“The United Nations calls on the Israeli authorities to abide by their obligations under international law, of which these displacements and demolitions are a clear violation.”
A report by the Diakonia resource center for international humanitarian law says Israel’s civil administration systematically destroys Palestinian structures built without Israeli permission in the 62 percent of the West Bank designated Area C under the Oslo Accords.
The destruction of any civilian object during occupation is prohibited under the Fourth Geneva Convention “except where such destruction is rendered absolutely necessary by military operations” and even then, only if the structure is used solely by militants, Diakonia says.
The ongoing diplomatic tug of war between Syria and the Arab League took an unexpected turn Monday with rumors of a potential breakthrough. A positive outcome would signal a major political – not procedural – change of heart at the Arab League, whose earlier dealings with Syria showed little room for compromise.
Last week, the Arab League broke with its own charter for the second time this year, voting to impose far-reaching economic sanctions on member-state Syria, eight months after backing a no-fly zone over member-state Libya.
The charter, which was written in the early post-colonial period, placed great stock in the inviolability of “a state’s independence, sovereignty, or territorial integrity.”
Article V of the League’s charter clearly stipulates: “Any resort to force in order to resolve disputes between two or more member-states of the League is prohibited. If there should arise among them a difference which does not concern a state’s independence, sovereignty, or territorial integrity [my italics], and if the parties to the dispute have recourse to the Council for the settlement of this difference, the decision of the Council shall then be enforceable and obligatory.”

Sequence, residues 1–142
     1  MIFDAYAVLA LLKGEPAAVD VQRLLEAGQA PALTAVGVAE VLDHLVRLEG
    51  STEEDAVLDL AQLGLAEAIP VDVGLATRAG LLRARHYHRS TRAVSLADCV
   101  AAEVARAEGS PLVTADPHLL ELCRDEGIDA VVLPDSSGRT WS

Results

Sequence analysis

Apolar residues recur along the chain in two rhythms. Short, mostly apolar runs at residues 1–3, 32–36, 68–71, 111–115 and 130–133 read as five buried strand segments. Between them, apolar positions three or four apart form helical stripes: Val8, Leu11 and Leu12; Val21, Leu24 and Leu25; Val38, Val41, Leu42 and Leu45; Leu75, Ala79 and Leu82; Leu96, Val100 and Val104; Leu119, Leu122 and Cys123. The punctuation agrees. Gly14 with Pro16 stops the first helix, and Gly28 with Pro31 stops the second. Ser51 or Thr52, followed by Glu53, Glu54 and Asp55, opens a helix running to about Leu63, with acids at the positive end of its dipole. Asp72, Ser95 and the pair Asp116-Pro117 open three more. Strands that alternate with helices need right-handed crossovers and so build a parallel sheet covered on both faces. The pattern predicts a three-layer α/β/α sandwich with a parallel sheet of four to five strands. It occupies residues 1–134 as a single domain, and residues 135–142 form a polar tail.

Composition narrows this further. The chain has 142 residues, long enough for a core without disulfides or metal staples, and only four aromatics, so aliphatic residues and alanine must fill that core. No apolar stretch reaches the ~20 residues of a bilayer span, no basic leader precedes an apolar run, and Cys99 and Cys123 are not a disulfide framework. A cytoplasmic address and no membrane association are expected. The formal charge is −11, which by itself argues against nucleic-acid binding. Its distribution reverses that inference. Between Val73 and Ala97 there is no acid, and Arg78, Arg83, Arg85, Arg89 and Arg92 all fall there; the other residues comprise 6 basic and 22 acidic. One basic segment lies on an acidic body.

A recently-departed senior Arab League official told me: “We have taken strong measures before only in relation to foreign policy issues or disputes between Arab countries. But on these last two occasions, this is a historic departure in relation to the practice of the Arab League. For the first time measures were taken against an Arab country because of its internal situation – the way a government is treating its own people.”
He continued, “When people are dying I don’t care about reconciling this with the charter – that’s my priority. If there are legal issues that contravene, I’m happy to bend them.”
But what about the tens of thousands of civilians slaughtered in member-state Somalia this year alone, with nary a peep from the Arab League? Or of the League’s non-intervention policy in Yemen and Bahrain, where protests continue to this day?
So why did the League single out Syria for sanctions?
Ostensibly, it is because Damascus refused an Arab League observer mission to Syria, but that is not exactly true. The Syrians counter-proposed a series of amendments to the mission “Protocol” to accommodate their sovereignty concerns. It was the League that rejected these outright on November 27, although they appear to have reopened negotiations quietly in the past few days.
Consider this: The Gulf Cooperation Council (GCC) – now effectively at the helm of Syrian issues in the Arab League – spent seven months negotiating an exit for the despotic Yemeni President Ali Abdallah Saleh.
When asked about double-standards in the treatment of Syria versus other Arab member-states, the recently-departed senior League official admitted, “I think the position taken by the Arab countries in relation with Bahrain is a very sad one – we should have been more firm.”
On Yemen however, his response was curious, “Yemen – it is being handled by the GCC, and doesn’t need the Arab League’s help right now.”
But the same players refused to spend even seven days on Syria. The League dropped the sanctions gauntlet a mere three days after Syria offered its amended proposal, claiming these would “affect the core of the document and would radically change the nature of the mission.”